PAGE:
25 April 2014 | drownnnsoda
Brits have at the staples of 21st century American horror
"The Quiet Ones" focuses on a three students at the University of Oxford who join a research group led by Dr. Joseph Coupland (Jared Harris). The group is working to document parapsychological phenomenon in a young woman whom they believe has created and manifests a presence which she calls Evie. Isolated in the back country outside of Oxford, the group begins to unravel and secrets come to light.
I first off have to say that the primary reason I saw this film was because the poster was breathtaking— Gothic, beautiful, and unconventional. I wasn't even that impressed with the trailer, but the poster had some promise for me. Now, after seeing the film, I have mixed feelings.
It starts off well enough, and maintains a sense of ambiguity in its early stages, keeping the audience at arm's length; this is wonderful during the first act, but the problem is that it never seems to break free of this, even as the plot unravels and the truth comes out in the end— there is little surprise in the film because it never lets its audience in close enough to be affected by it. Clunky pacing and editing is largely the culprit here, which seems to prevent the film from ever really gaining steam. Instead, we are presented with a series of repetitious happenings that fail to build on one another, and the film edges on becoming an unmemorable blur as a consequence. The script feasts heavily on the staples of 21st century American horror films to its own detriment— we have possessed girls in white dresses, Satanic symbols, demons, religious cults, blah, blah, blah. You know the story.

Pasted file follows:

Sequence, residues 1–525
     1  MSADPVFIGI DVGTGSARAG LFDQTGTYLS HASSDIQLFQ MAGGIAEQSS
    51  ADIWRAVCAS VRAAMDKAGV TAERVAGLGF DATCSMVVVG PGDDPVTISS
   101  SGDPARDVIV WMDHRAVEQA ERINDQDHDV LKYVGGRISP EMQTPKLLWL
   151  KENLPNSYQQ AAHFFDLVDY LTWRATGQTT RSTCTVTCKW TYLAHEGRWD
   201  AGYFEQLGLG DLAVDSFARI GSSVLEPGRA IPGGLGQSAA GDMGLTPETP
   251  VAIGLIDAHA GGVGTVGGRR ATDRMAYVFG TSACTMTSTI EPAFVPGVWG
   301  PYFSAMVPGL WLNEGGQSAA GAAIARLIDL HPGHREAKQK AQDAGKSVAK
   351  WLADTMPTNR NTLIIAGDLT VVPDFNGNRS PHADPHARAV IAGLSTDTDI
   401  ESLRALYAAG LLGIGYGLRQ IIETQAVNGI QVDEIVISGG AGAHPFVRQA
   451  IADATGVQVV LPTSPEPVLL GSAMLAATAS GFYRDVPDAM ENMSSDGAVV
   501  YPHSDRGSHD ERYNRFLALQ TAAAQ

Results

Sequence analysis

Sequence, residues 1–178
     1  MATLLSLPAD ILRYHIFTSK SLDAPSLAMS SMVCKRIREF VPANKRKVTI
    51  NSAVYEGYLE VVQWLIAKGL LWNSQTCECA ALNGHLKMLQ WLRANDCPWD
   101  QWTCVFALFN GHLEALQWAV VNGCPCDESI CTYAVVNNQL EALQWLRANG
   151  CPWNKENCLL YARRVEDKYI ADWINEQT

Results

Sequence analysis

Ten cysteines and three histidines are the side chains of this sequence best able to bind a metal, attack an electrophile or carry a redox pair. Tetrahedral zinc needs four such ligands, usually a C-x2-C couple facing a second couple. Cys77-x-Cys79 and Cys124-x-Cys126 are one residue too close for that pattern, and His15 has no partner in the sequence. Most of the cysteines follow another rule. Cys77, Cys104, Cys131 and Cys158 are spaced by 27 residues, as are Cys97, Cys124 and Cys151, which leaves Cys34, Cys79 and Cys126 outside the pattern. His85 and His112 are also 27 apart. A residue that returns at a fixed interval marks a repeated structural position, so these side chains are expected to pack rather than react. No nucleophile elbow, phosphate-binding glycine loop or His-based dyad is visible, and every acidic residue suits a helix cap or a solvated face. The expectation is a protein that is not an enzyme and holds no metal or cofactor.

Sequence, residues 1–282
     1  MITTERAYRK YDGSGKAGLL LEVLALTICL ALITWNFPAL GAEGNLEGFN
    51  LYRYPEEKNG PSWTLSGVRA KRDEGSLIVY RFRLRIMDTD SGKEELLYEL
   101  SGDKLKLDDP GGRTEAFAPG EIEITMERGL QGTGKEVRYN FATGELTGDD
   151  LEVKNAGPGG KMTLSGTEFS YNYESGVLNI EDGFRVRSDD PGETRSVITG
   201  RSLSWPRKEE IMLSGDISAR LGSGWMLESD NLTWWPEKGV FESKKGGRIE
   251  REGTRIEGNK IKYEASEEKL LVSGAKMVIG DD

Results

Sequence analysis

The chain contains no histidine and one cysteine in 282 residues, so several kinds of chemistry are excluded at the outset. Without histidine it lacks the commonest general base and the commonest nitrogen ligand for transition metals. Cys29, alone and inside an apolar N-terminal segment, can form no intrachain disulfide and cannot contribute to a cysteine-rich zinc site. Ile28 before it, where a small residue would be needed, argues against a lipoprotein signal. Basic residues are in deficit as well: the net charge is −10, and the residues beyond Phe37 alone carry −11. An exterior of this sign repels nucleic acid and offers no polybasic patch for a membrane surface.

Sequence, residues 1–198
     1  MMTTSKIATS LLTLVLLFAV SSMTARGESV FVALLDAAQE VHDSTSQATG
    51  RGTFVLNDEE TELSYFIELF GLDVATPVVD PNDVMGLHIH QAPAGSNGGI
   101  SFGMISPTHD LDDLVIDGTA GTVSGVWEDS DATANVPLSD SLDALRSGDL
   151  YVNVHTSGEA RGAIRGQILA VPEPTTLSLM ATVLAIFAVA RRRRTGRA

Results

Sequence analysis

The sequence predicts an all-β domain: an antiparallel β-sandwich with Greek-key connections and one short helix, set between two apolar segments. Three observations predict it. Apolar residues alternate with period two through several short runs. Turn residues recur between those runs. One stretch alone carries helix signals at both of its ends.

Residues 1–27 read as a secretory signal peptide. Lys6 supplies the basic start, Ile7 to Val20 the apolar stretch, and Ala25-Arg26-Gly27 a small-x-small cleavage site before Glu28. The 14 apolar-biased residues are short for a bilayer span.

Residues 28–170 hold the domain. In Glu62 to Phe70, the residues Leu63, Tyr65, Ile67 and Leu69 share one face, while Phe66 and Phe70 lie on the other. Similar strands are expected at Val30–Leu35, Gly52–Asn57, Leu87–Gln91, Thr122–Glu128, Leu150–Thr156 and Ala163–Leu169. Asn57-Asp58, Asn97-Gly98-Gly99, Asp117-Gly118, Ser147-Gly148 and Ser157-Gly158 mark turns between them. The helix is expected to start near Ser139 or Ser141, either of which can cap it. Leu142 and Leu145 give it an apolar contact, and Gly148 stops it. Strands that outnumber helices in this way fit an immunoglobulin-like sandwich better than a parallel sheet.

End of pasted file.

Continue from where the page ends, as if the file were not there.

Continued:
That said, the film does have some strengths. The script is purportedly based on an actual experiment done in Toronto in the 1970s, so the film does have that working in its favor, no matter how ludicrous it is to take the events depicted at face value— the fact that there is at least a shred of truth to this is compelling in a world where every horror film released makes false claims of being based on reality. It is also remarkably well photographed; the interplay between the standard camera and the 8mm footage being filmed by the characters lends the picture a unique mood and sense of voyeurism, and the depictions of the experiments at times recall John Hough's British classic, "The Legend of Hell House." The performances in the film are also solid, with Jared Harris reeling everything in.
I think the overall problem I had with this film was, despite the fact that it roots itself in history as a period piece, the majority of it is just frankly underwhelming because it too often takes the route of 90% of the horror films we see released here in America every month. The premise is intriguing, but the execution leaves us with a relatively well-made film whose main problem is that is just isn't that darned compelling. 6/10.